Coding theory, sometimes called algebraic coding theory, deals with the design of error-correcting codes for the reliable transmission of information across noisy channels. It makes use of classical and modern algebraic techniques involving finite fields, group theory, and polynomial algebra. It has connections with other areas of discrete mathematics, especially number theory and the theory of experimental designs" Three areas that are commonly associated with Coding Theory are Data Compression, Cryptology, and Error Correcting Codes.
Data Compression is efficiently encoding source information so that it uses the smallest amount of space possible. This is accomplished by removing redundant bits of data. Data Compression is a signal processing operation and part of the quantification of information process, called Information Theory.
Cryptology, as defined in the Encyclopedia Britannica, is the "science concerned with data communication and storage in secure and usually secret form" (Simmons, n.d.). Through the use of encryption, data can be securely transmitted over insecure channels.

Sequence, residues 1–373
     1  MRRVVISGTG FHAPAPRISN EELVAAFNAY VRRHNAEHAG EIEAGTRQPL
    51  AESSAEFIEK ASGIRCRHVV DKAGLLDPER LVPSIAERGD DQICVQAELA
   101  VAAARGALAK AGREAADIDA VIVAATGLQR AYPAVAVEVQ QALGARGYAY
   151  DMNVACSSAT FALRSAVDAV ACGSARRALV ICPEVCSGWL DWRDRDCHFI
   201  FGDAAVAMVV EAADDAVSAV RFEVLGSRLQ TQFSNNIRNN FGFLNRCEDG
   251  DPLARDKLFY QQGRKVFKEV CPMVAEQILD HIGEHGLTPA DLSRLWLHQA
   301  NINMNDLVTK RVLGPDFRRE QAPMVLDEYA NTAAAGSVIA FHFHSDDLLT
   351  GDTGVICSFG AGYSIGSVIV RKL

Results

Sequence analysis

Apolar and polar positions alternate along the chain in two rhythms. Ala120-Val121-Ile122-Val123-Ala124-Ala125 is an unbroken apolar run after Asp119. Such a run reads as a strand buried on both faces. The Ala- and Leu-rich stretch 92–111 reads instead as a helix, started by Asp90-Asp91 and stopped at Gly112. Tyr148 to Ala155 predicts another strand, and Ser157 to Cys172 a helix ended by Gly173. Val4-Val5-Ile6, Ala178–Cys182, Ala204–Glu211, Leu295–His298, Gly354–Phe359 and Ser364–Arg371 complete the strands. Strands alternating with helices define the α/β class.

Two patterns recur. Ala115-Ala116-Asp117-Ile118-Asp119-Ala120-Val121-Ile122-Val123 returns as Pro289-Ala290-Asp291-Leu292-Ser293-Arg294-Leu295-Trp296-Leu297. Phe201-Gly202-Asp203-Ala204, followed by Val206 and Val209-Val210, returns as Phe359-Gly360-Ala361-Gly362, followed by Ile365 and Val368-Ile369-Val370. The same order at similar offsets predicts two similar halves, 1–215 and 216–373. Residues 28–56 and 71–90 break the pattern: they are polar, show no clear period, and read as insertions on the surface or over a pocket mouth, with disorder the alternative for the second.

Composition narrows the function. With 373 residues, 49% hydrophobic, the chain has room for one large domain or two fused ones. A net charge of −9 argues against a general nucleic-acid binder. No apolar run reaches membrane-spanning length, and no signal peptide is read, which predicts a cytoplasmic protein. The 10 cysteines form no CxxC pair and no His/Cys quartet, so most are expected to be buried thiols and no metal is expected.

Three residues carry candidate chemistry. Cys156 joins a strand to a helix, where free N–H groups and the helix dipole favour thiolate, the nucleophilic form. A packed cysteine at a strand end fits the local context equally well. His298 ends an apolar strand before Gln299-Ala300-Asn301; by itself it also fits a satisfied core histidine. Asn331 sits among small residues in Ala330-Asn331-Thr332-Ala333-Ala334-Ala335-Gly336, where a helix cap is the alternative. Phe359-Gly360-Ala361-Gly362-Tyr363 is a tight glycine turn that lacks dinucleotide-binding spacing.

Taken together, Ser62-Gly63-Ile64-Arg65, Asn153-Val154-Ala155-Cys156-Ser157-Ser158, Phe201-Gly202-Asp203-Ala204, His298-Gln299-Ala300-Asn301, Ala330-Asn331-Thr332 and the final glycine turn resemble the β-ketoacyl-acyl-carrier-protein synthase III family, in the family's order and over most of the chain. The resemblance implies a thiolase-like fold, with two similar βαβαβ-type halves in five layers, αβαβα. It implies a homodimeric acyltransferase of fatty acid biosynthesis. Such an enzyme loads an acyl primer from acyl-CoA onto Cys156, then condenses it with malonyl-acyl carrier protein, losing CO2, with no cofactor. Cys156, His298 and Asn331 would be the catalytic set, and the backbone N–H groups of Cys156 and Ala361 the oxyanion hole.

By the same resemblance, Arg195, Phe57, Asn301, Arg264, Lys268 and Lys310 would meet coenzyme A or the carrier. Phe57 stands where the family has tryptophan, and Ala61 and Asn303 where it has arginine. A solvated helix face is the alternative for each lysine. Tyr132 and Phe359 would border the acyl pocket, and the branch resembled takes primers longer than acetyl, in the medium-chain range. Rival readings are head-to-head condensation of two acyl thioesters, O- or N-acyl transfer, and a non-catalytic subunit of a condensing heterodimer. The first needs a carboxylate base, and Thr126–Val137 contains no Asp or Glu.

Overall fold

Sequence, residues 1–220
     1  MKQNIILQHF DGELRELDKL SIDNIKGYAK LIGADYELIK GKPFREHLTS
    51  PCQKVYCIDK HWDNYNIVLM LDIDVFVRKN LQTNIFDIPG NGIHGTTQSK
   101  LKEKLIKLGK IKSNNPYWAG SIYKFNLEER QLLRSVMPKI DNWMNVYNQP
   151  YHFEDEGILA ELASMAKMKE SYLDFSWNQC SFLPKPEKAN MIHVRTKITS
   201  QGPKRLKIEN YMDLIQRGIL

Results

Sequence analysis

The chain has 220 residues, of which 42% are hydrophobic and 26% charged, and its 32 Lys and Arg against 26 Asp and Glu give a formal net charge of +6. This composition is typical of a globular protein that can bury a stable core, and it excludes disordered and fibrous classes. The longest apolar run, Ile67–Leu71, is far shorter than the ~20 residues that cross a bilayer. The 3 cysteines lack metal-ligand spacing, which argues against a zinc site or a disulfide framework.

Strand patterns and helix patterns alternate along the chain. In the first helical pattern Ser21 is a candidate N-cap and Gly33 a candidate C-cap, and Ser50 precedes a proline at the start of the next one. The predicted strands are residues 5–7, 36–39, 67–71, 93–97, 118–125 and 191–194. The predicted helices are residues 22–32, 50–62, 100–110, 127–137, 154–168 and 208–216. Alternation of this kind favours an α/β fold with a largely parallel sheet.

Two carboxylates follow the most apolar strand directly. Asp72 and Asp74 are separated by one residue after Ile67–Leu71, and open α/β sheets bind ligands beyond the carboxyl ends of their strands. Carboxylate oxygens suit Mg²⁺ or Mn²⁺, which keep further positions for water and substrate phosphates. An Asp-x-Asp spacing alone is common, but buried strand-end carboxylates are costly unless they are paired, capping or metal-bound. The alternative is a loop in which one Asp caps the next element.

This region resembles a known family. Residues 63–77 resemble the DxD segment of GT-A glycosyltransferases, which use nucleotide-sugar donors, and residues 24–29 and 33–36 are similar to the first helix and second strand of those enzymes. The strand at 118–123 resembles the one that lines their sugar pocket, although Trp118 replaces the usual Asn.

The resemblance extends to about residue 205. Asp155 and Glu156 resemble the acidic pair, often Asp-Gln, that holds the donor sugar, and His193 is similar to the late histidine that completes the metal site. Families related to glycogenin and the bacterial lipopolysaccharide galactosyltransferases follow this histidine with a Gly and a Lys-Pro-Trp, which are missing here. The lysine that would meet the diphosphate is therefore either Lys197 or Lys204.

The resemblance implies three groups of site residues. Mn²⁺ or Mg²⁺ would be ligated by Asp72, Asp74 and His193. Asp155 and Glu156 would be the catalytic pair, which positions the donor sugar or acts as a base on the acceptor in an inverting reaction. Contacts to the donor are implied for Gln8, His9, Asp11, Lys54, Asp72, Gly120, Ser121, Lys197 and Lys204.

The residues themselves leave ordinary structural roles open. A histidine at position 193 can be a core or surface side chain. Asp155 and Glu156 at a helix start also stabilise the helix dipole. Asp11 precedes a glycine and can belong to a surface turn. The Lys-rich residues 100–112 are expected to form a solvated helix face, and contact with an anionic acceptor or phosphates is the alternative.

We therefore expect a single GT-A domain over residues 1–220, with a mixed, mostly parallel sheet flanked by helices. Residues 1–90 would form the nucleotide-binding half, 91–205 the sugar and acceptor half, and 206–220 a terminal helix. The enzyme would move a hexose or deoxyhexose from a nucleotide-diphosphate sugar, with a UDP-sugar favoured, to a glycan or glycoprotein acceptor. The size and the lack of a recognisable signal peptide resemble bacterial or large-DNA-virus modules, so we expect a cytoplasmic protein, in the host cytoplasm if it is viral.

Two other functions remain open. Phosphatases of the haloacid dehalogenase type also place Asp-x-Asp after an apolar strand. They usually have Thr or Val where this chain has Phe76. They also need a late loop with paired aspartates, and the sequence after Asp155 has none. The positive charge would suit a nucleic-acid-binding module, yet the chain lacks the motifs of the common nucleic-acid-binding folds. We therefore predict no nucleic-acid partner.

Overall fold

Error Correcting Codes
Error Correcting Codes increase the dependability of information that is being transmitted. Noisy communication channels, electrical interference, equipment malfunctions, long-term storage on magnetic tape, and human mistakes are all causes of information corruption. Error Correction Codes add redundant bits to the data being transmitted in order to ensure accurate delivery. Error Correcting Codes can be found in the applications used to transmit images from space, communicate wirelessly, improve sound quality in CDs, correct quantum errors, and accurately decode ISBN numbers. New uses for Error Correcting Codes are frequently being discovered.
There are three types of errors that occur in data, Single Bit, Multiple Bit, and Burst errors. A Single Bit error is the corruption of one bit of data; Multiple Bit errors involve the corruption of two or more data unconnected bits, and Burst Errors involve the corruption...